2) The in round abuse is flagrant

3) The judge really hates condo

 

4) when you're getting brutally crushed (@edina rw)

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I'm not sure why this got downvoted, I think this is pretty accurate.

 

There's variety when it comes to how judges feel about condo. Some judges are incredibly persuaded by pointing out performative contradictions, others view conditionality as a natural part of debate. In general, most judges are okay with conditional advocacies, and are also open to voting on conditionality bad. Obviously, as with any theory argument, it's best to get the judge's preference ahead of time, but throwing a condo shell into your 2AC is usually a pretty safe move. So to answer your first question, no, judges don't hate that kind of thing.

 

On your second question, ZidaoWang is right-- cards are almost never needed for theory arguments. You'll want to read an analytical shell structured like this:

 

Thats really all you need. Shouldn't take more than 30 seconds. So yes, you're right that you just need to be able to explain why it's bad for debate.

 

Here is a good example of someone going for condo during a camp tournament a while back. It gives a good picture of how to impact out conditionality arguments. You will always do better in theory debates by relying less on your blocks and providing analysis specific to the round, like this person is doing.

 

 

 

 

EDIT: I feel like I should mention that people generally don't go for condo in the 2AR unless at least one of the following things is true--

 

1) The block either drops it or severely mishandles it

2) The in round abuse is flagrant

3) The judge really hates condo

What round was this?  I'm curious to see the rfd now

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its a dumb arg.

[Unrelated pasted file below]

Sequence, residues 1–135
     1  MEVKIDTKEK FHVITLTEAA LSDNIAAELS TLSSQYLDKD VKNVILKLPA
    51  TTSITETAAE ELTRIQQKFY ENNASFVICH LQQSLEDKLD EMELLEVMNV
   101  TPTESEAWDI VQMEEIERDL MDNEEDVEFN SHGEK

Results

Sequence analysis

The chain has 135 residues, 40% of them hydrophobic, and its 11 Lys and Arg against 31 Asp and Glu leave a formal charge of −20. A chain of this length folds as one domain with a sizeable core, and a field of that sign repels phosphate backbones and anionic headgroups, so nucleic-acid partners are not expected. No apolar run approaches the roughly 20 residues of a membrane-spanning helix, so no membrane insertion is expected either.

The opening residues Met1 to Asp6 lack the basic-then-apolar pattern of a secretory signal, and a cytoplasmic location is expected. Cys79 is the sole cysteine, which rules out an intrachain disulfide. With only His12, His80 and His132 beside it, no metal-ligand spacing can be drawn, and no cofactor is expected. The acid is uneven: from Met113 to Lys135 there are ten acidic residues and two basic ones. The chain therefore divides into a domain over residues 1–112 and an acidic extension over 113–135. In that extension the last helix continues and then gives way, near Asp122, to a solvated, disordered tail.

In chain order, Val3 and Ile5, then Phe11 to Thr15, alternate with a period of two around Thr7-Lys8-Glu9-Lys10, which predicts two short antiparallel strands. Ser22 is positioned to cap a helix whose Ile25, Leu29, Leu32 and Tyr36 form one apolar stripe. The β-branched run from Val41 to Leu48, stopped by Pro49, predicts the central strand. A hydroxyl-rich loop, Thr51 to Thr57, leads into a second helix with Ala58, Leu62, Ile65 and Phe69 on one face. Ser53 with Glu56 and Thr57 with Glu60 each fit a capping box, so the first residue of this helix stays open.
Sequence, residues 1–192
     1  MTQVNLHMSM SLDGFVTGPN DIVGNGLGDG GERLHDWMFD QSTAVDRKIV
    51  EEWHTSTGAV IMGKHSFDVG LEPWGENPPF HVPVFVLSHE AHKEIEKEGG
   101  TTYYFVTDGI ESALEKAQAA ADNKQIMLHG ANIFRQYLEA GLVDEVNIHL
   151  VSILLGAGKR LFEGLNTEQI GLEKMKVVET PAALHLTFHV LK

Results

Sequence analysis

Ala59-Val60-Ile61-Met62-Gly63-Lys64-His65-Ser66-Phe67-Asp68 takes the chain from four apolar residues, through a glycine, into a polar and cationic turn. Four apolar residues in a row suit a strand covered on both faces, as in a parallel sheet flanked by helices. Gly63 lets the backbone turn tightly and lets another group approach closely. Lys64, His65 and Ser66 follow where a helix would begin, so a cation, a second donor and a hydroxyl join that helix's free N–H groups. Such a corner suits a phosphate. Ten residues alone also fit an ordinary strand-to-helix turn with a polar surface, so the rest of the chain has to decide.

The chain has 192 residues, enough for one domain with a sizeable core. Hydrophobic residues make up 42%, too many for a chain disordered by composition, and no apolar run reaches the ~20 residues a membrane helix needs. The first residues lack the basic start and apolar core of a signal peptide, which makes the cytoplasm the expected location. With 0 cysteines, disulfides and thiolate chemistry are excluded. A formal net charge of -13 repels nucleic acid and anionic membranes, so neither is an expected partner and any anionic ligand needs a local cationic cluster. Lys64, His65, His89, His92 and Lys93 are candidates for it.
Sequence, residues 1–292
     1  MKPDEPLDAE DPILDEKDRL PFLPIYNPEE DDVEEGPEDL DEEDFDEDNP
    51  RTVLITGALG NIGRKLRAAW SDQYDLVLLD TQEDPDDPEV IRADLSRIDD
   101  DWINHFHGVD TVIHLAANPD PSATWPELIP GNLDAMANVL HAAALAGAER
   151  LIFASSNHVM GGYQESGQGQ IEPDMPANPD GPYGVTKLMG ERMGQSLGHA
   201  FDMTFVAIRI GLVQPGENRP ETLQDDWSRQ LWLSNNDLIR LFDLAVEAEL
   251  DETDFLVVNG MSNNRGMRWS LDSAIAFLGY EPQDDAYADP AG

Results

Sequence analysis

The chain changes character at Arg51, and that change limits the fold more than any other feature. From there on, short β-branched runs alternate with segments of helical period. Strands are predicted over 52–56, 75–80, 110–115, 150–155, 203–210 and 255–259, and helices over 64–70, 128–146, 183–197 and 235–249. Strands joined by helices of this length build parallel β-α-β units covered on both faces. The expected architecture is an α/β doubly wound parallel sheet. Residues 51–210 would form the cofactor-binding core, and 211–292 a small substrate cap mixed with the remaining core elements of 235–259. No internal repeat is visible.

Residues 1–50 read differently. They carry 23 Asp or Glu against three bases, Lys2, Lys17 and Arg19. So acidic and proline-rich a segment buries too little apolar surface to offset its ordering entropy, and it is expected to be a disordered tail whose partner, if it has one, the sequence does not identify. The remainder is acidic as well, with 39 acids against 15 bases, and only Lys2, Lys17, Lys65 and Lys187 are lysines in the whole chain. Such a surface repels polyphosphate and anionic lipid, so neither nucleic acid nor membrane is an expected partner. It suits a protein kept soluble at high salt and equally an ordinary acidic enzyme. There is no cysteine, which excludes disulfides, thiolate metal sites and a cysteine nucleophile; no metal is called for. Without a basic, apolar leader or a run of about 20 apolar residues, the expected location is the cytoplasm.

Sometimes people read args on other flows that conflict with their kritiks, so you have to beat them back on opposite fronts. Other times people read 4 conditional counterplans. That's never fun for the aff.

Edited by Nonegfiat
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Conditionality is a time-skew. That being said, it is dropped sometimes. Knowing how to go for it is a good skill, but in my opinion, its a dumb arg.

 

Conditionality is commonly used just to get the neg to kick conditional advocacies, but I wouldn't say that it's a time skew because it does brings up some good points. It can be gone for if it isn't dropped, and it can be read well and legitimately won on. It's good to have debates about issues like condo to keep the debate space fair and educational, because nobody wants to answer ten cps and that probably isn't an educational and legitimate strategy anyway. It's an important argument, but it is often underutilized and most condo debates are pretty bad. 

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Here's some 2AC/1AR stuff if anyone doesn't have it already. I'm not saying it's particularly good, and there's lots more you can find online (Google "debate theory file" or "conditionality bad") but maybe useful if you want to see how you might run it. You'd put the 2AC block in the 2AC, and then in the 1AR you'd read the 1AR block then answer each Negative block argument. 

 

2AC Condo Bad

Interpretation: the Negative does not get conditional advocacies.

A.    1NC Strategy - conditionality necessitates cheating counter-plans - prevents thinking about argument interaction.

B.     Research - we make hyper-specific, Aff-based research a requirement and punish superficial strategies.